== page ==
Is It Possible to Both Share and Protect Sensitive Data?
By Scott Dunderdale and Stan Tyliszczak
Cyberthreats to the nation’s critical infrastructure make it tempting to lock down buildings, networks and data, thus, limiting access to mitigate risks. However, completely restricting data access can impede mission-critical communication.
The Defense Department must be able to communicate critical intelligence across agencies and geographic boundaries quickly and securely.
Deputy Defense Chief Information Officer David Wennergren said in a February 2010 interview that two top priorities are information sharing and information security. In the past, the Pentagon treated these issues as two separate disciplines. But Wennergren noted that today, information sharing and information security must be managed together.
Information assurance is used to ensure the availability, integrity, authentication, confidentiality and non-repudiation of information systems and critical data, both classified and unclassified
Information assurance is fundamentally about protecting information. Where “walled gardens” and information silos might have been acceptable in the past, today’s missions require sharing information across dynamic and cross-functional organizations. More sophisticated techniques are needed to provide mission assurance while still maintaining necessary information assurance.
Protection begins with evaluating the sensitivity of the data. It is imperative to determine which parties can access information, whether that information is law enforcement data or classified national security intelligence. Policies and procedures, as well as technology solutions — from CAC (common access cards) to secure ID tokens to biometric scans and other tools — verify access for authorized individuals and keep others out.
Information integrity is another component of the information assurance approach. Beyond information access, users need to know that the information is accurate and unaltered. Data that is corrupted can seriously impede an agency’s ability to meet its mission, whether that is national defense or public safety. Technology tools can monitor and audit who is accessing data, how long they are accessing it and whether they are editing it, intentionally or unintentionally. The monitoring and the associated audit logs support forensic analysis and law enforcement activities.
A third element of information assurance is network security. Network security is not just about keeping bad actors out; it is about enabling information sharing across, within and among U.S. agencies and mission partners. Skilled systems analysts use technology solutions to monitor networks 24/7, where they watch for unusual patterns. Completely locking down devices containing secure information or, in some cases, opening a trail leading back to the cyberattacker are achievable in the case of a security breach.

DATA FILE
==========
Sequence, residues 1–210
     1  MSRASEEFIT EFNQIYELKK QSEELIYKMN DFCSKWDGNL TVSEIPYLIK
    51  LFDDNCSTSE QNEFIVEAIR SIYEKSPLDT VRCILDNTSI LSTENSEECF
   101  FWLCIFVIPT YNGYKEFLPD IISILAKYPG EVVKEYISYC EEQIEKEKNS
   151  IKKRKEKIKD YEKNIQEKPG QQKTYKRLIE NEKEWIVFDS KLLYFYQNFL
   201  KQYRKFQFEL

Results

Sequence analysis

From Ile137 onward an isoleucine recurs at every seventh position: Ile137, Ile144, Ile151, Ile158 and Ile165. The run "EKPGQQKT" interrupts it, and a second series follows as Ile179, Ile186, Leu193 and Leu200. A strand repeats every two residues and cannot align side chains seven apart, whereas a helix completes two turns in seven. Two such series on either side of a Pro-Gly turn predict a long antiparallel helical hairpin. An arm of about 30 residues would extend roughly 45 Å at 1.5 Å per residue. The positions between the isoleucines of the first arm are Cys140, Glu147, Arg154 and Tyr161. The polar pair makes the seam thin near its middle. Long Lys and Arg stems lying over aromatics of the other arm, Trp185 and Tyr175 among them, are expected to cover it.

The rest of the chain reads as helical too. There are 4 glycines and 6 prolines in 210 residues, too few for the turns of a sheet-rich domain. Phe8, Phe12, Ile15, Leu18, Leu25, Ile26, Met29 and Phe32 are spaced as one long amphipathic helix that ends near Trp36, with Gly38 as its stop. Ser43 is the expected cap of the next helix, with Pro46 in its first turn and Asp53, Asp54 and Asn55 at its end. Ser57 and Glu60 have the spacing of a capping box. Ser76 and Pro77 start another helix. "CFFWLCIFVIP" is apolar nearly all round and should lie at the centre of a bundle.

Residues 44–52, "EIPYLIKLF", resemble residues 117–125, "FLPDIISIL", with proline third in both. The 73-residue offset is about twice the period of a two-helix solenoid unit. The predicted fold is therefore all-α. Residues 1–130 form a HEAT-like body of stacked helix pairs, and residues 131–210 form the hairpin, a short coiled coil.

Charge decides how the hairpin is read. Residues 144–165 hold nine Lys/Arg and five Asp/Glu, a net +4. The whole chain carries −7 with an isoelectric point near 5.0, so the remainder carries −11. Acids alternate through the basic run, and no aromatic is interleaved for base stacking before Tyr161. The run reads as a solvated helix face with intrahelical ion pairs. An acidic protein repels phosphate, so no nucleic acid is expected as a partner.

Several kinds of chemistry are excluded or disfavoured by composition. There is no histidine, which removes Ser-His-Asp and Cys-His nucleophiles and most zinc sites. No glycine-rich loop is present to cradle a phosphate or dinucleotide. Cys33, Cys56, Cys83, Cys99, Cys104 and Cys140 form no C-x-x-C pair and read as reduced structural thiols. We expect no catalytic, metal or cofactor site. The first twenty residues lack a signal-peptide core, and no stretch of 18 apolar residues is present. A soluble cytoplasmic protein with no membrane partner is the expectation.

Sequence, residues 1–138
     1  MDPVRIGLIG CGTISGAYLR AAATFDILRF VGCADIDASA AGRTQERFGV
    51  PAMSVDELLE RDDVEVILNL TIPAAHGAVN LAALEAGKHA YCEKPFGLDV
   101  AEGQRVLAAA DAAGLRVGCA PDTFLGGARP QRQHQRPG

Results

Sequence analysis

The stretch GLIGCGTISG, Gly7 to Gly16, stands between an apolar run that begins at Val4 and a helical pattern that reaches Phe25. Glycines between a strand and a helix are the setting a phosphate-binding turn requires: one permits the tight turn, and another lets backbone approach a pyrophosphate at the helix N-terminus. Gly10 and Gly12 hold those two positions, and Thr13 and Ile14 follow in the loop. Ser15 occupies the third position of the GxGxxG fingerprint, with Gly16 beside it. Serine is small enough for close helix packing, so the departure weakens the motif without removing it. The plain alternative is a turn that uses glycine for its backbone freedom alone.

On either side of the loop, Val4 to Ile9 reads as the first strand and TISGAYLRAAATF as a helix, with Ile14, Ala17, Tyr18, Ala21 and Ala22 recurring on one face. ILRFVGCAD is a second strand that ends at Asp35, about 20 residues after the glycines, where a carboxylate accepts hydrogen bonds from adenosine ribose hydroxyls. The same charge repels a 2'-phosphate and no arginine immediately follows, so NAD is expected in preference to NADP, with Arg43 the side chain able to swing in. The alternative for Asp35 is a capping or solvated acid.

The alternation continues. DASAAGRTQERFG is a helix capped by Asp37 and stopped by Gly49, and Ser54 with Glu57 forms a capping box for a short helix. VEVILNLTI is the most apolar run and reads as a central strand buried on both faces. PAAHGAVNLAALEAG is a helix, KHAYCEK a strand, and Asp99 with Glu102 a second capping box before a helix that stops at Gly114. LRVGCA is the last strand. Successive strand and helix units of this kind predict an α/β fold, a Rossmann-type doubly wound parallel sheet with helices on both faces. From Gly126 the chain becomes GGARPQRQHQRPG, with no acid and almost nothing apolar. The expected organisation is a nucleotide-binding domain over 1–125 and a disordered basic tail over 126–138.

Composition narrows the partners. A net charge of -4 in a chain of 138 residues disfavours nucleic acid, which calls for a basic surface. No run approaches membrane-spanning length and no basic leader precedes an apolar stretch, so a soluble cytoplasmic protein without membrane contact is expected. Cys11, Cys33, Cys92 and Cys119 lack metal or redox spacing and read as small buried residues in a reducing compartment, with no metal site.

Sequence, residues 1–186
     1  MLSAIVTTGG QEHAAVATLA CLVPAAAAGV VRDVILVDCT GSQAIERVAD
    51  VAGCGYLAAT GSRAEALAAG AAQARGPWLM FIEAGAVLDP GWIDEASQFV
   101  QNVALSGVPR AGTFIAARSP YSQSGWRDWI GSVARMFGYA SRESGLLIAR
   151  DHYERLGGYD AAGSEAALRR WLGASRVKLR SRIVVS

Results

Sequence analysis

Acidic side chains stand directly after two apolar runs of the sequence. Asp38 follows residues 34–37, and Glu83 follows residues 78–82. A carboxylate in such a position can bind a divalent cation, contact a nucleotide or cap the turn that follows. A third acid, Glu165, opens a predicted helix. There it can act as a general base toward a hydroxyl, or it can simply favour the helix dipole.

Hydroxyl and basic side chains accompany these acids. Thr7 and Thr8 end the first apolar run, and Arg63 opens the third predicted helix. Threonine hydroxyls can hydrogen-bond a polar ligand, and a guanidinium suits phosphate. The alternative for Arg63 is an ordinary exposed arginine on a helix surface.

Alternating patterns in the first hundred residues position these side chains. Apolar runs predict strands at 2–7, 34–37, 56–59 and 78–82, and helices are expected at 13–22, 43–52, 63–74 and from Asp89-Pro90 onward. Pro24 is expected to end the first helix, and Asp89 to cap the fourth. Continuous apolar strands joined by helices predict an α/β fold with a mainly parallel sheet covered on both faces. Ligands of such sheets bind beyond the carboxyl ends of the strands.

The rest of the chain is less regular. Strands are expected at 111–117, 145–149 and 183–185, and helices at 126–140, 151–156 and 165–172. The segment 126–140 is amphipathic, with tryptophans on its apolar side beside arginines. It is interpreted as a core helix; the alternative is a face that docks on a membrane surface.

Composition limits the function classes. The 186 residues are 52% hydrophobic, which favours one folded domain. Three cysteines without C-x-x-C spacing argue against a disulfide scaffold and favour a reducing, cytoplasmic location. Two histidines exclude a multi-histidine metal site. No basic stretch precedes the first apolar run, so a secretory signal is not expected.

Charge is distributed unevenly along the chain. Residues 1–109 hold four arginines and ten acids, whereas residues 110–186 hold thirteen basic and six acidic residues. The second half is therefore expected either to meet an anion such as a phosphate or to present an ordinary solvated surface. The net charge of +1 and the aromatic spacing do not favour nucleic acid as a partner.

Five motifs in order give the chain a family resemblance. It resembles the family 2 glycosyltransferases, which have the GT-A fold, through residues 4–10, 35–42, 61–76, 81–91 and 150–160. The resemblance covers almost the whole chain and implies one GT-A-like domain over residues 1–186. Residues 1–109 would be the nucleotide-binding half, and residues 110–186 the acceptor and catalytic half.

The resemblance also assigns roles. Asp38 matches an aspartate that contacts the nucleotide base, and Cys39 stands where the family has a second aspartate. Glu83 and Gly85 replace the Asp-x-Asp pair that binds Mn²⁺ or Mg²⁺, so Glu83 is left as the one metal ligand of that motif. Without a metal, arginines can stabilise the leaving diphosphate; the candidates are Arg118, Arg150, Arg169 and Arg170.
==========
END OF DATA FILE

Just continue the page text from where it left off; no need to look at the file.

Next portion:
Often, agencies believe that the best protection is to put all of their valuable information in a “walled” environment. The challenge, then, is allowing access to that information. Many entities build virtual fortresses that house packages of sensitive data.
In the intelligence and defense sectors, sharing legitimate information while simultaneously denying unauthorized access is a delicate balance. New initiatives, such as the Intelligence Community Information Integration Program (ICI2P), have lowered technological and policy barriers that formerly prevented intelligence analysts from sharing information and accessing all available data.
Individuals with varying clearance levels need access to information simultaneously. Authorized access needs to be quick and seamless. Many systems incorporate “multi-level security” capabilities, which permits simultaneous access by users with different security clearances. It also allows higher-cleared individuals to easily share sanitized documents with lower clearance individuals.
Further, multi-level security can leverage virtualization software, allowing a user to view multiple security domains simultaneously on a single display. So-called “high assurance platforms” provide a secure computing environment that can host multiple domains.
Defending sensitive network assets means securing communication and computing devices that interface with local, deployed, strategic and tactical networks. Multi-level and cross-domain computing safeguards information while optimizing the ability to access information from multiple sources. Securing communications devices with data-in-transit and data-at-rest encryption allow immediate access to mission-critical information to authorized parties without opening the door to external threats.
While collaborative information sharing tools continually advance to offer improved security measures, collaboration solutions should mirror the high levels of reliability and information assurance that missions require. Adopting ITIL (Information Technology Infrastructure Library) practices will help ensure that operational processes meet the reliability standards that the missions require. It will also help ensure that agencies stay within mandated security regulations. Investing in work force training, in both ITIL and information assurance disciplines, and automated service management tools will ensure proper support of demanding mission requirements.
Cordoning off network and data in order to protect national interests is no longer a viable solution. Controlling access to sensitive data, ensuring information integrity, protecting the network and enabling collaboration will make it possible to share intelligence across agencies and with coalition partners.
Scott Dunderdale is director of information assurance strategic planning at General Dynamics C4 Systems. Stan Tyliszczak is senior director of technology integration at General Dynamics Information Technology.